Cancer Research UK’s spin-out, GammaDelta Therapeutics (‘GammaDelta’), has been given approval from the US Food and Drug Administration (FDA) to trial its unique T-cell therapy in humans.
The trial is expected to begin later this year in the United States and will test the safety and early indications of efficacy of the cell therapy in people with a type of blood cancer called acute myeloid leukaemia (AML).
I’m thrilled to see our research finally reaching patients and look forward to seeing how clinical trials progress.
– Adrian Hayday, co-founder of GammaDelta Therapeutics and ead of the Crick’s Immunosurveillance Laboratory
Unique T cells
Like many immunotherapy drugs for cancer, GammaDelta’s therapy harnesses the power of a type of immune cell called T cells in an attempt to kill cancer cells.
But in the case of GammaDelta’s therapy, the type of T cells it works with are rather unique.
Known as gamma delta T cells, these cells make up a small number of all the T cells in the body. And while they’re less abundant than other T cells, they have distinct properties that give them huge promise as a potential cancer therapy.
Unlike the more abundant alpha beta T cells, which rely on a specific molecule to help them recognise red flags on cells, gamma delta T cells scan the surface of cells directly to spot potential threats. Because of this, GammaDelta’s T cell therapy could help treat patients whose cancer cells have tried to evade the immune system by removing certain molecules from their surface, making them invisible to alpha beta T cells.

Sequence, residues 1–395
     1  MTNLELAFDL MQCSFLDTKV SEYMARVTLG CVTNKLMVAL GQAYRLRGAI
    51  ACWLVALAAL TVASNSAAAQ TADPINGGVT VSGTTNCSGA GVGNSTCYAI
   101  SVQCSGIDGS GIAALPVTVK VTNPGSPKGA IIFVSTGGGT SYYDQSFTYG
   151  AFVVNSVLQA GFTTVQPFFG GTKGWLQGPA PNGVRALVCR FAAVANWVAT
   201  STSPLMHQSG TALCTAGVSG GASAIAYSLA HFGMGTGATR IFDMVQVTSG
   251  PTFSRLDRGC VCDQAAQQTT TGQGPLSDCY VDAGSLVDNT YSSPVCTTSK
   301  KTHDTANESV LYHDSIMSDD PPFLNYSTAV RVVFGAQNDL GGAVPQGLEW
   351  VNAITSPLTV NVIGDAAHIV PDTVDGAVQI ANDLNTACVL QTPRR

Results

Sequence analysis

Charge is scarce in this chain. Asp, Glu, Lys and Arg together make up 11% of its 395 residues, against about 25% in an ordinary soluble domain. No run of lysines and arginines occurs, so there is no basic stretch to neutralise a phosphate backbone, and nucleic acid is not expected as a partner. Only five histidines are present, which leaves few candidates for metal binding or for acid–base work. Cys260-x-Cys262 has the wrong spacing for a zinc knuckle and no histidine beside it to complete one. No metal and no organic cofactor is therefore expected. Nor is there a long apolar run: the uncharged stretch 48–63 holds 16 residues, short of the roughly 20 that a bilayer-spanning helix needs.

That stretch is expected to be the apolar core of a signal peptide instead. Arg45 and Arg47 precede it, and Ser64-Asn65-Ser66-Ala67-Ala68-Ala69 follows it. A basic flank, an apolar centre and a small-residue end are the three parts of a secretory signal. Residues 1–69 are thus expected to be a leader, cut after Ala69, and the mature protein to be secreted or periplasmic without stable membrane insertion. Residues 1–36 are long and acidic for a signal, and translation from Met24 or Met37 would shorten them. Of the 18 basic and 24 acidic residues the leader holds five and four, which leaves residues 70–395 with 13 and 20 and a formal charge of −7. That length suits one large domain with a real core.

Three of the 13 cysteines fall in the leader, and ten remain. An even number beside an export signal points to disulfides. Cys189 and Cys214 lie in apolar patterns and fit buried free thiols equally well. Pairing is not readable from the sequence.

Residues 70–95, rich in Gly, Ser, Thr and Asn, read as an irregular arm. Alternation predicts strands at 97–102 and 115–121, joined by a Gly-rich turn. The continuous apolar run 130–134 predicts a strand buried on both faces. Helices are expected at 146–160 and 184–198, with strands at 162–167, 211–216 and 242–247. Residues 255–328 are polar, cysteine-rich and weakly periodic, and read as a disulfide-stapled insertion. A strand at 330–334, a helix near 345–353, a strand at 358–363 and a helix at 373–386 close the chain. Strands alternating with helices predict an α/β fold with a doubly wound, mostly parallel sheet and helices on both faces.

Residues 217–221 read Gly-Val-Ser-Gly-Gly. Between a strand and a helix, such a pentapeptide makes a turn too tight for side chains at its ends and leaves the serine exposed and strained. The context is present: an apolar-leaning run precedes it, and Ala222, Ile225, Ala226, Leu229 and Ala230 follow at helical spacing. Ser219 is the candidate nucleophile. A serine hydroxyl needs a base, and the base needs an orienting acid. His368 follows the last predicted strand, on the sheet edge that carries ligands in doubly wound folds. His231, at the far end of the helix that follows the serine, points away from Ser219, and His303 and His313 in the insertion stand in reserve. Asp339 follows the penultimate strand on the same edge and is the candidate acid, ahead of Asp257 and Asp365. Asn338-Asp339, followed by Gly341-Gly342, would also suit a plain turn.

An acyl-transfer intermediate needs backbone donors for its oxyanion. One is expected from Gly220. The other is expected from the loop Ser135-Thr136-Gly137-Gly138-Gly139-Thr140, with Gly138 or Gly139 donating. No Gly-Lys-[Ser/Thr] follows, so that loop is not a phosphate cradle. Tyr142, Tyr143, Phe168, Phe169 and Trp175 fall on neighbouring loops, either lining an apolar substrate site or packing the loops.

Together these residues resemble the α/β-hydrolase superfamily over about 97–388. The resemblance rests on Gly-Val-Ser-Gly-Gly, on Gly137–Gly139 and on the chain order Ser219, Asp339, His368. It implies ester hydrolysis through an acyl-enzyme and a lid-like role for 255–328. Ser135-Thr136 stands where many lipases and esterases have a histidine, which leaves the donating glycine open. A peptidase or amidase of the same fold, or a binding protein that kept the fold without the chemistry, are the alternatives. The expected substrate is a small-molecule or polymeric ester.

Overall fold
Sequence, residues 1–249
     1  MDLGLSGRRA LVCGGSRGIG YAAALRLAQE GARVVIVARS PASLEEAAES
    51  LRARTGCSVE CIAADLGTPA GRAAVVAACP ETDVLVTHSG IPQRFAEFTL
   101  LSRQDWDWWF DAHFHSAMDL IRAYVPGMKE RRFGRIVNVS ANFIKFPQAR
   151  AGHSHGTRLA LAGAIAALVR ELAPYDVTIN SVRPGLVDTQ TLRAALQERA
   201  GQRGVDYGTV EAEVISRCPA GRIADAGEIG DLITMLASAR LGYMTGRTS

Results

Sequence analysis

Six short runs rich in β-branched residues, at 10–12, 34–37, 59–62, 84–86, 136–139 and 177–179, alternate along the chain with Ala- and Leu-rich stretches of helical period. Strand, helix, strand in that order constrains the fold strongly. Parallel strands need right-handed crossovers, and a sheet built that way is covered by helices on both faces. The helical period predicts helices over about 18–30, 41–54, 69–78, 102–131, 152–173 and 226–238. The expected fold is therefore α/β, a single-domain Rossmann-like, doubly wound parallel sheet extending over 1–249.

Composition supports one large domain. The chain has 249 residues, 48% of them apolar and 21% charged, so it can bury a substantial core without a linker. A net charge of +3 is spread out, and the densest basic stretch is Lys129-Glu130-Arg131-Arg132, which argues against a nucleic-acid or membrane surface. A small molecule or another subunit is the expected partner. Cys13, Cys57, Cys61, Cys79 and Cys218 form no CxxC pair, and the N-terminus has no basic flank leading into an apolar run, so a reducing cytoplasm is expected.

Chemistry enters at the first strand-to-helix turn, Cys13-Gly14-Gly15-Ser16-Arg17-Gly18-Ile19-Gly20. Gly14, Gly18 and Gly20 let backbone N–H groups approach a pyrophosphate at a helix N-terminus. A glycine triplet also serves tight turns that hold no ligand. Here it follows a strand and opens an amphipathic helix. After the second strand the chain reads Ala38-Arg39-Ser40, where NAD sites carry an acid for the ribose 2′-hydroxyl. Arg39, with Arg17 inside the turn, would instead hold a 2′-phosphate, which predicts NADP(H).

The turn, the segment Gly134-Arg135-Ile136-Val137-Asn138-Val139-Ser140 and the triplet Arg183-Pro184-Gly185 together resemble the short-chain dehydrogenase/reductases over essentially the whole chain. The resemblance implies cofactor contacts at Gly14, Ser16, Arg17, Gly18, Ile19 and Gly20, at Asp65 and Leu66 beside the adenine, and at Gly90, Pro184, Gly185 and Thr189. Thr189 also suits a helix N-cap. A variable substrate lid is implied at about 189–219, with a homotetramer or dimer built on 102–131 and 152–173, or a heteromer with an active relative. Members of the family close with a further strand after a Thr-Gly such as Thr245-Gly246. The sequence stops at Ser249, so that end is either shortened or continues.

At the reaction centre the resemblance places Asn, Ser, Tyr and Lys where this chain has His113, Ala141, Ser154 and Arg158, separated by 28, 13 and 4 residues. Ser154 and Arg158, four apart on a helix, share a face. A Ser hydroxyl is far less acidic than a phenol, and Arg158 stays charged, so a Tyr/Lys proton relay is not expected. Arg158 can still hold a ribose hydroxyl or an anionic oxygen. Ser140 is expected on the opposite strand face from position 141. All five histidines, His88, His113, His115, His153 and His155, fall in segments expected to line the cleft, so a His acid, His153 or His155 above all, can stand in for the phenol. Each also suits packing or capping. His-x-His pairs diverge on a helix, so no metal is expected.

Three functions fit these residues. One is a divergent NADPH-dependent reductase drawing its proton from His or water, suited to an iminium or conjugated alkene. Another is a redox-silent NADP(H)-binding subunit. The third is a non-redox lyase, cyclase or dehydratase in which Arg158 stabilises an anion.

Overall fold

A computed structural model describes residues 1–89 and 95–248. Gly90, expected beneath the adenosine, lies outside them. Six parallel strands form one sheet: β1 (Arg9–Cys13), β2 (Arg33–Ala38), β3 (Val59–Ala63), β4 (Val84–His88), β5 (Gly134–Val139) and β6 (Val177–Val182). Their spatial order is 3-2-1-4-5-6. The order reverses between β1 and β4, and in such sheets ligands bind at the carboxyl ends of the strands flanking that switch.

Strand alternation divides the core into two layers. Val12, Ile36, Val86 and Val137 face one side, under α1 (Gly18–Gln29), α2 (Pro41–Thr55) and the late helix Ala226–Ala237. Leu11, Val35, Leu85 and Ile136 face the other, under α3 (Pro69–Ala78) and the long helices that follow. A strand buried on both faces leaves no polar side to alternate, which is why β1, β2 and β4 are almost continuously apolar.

Furthermore, GammaDelta’s therapy is designed to be ‘off the shelf’, meaning the T cells used in the therapy are taken from healthy donors, rather than the patient themself. These ‘off the shelf’ therapies could be more readily available to patients in the future.
Following approval from the FDA, the unique properties of gamma delta T cells will be evaluated for the first time in patients with AML, in a trial expected to begin later in 2021. The hope is this new type of immunotherapy might be able to improve patient outcomes in blood cancers.
A pioneering spin-out company
Gamma Delta Therapeutics, a UK-based biotech, was initially formed in 2016 by Cancer Research UK’s Commercial Partnerships team along with support from the life sciences investor, Abingworth.
It was founded on the pioneering research into these unique gamma delta T cells which was part funded by Cancer Research UK and led by Adrian Hayday and Oliver Nussbaumer of the Crick and King’s College London.
Hayday said he was “thrilled” to see the research finally reaching patients. “From our very first studies into γδ T cells in the 1980s, through to demonstrating their unique activity in the presence of cancer, it’s been clear that these immune cells have enormous potential for the development of new immunotherapy treatments.”
Cancer Research UK’s Commercial Partnerships team develops promising ideas into successful cancer therapeutics, vaccines, diagnostics and enabling technologies. The team’s deep understanding of both academia and industry enables them to translate research into commercial propositions to deliver patient benefit and commercial value that will support further cancer research. Creating spin-out companies is one of the ways Cancer Research UK gets early stage technology out of the research lab and on to the path to being developed towards a product.
GammaDelta is one of many spin-out companies whose conception has been supported by Cancer Research UK.
The charity has an established track-record with spin-outs, having been involved in the creation of, or supporting our university partners to create, over 43 spin out companies which have secured over £2.3 billion in investment to date.